Your Ride: 1934 Auburn 850Y Phaeton Convertible
Greg Jones from Louisiana has always had an affection for classic American cars. Auburn Automobile — named after the city in which is was built (Auburn, Indiana) — was a classic brand that Greg and his father had fallen in love with. Initially owning an Auburn Speedster replica, Greg was interested in expanding his classic repertoire with yet another Auburn.
So, Greg hopped on a flight to California to visit one very rare, one of 12, Auburn 850Y Phaeton convertible. Now, it has a special place in his heart. Here’s the full story:
How did you acquire your ride?
My dad, mom, and I attended the 2013 Auburn Cord Duesenberg Annual Reunion this past Labor Day weekend because earlier this year I had purchased a 1936 Auburn Speedster replica. We fell in love with the original Auburn cars and dad & I began to look for a 1934 Auburn Phaeton – they are not easy to find.
We found one in Sacramento, CA, and after looking at photos we flew from our home in Louisiana to look at it – the owner had it on loan to the California Auto Museum in Sacramento. The Auburn-Cord-Duesenberg Club Technical Adviser for 1934-36 advised us that there were only 12 of these Auburn 850Y Phaeton convertibles left!
What drew you in when you bought it?
It was LOVE AT FIRST SIGHT when we laid eyes on the car – we absolutely loved the color combination on the car (Auburn used lots of bold color combinations like the orange wire rims), the sleek sloping body lines, the art deco body styling and lots of exterior chrome, the dual mount spare tires, the convertible top with 4 doors, the art deco designed chrome interior, and how smooth the straight 8-cylinder engine ran, and the Dual Ratio rear-end the Auburns had.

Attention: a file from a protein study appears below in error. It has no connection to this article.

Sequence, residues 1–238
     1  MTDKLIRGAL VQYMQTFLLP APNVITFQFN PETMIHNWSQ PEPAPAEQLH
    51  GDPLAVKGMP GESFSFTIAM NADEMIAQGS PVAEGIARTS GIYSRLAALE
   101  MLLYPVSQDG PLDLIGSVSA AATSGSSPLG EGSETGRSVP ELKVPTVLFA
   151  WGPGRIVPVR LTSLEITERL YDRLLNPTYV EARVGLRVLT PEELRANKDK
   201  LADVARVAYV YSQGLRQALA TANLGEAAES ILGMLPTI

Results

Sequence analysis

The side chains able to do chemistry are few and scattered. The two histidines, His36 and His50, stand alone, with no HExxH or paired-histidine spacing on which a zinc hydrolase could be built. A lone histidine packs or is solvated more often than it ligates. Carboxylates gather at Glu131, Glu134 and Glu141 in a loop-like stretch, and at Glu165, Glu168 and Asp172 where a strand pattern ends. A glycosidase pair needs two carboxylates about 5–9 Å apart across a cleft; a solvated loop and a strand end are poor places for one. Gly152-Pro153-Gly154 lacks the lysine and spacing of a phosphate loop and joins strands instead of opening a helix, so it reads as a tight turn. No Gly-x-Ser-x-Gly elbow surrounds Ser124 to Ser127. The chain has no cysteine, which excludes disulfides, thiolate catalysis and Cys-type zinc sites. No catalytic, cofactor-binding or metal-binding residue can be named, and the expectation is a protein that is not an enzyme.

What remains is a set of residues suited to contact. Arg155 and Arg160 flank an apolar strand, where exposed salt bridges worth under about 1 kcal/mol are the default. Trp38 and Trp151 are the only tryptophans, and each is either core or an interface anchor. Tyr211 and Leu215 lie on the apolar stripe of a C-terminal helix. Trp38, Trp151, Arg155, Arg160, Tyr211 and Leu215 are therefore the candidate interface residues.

Does it have a name?
The Auburn Lady.
What do you feel like when you drive it?
It is an INCREDIBLE feeling to drive the car – especially with the top down! The Auburn Lady looks so beautiful going down the road or just sitting still. It also a true driving experience – you really interact with and feel the car – no power steering, no power brakes, 3-speed manual transmission, you have to keep an eye on the temp & oil & amp gauges, changing the Dual Ratio rear end from Low to High while driving, and giving Hand Signals (Auburns did not have turn signals in ‘34). Dad and I both truly feel like we get to have a hands on experience with real history when we drive the Auburn Lady!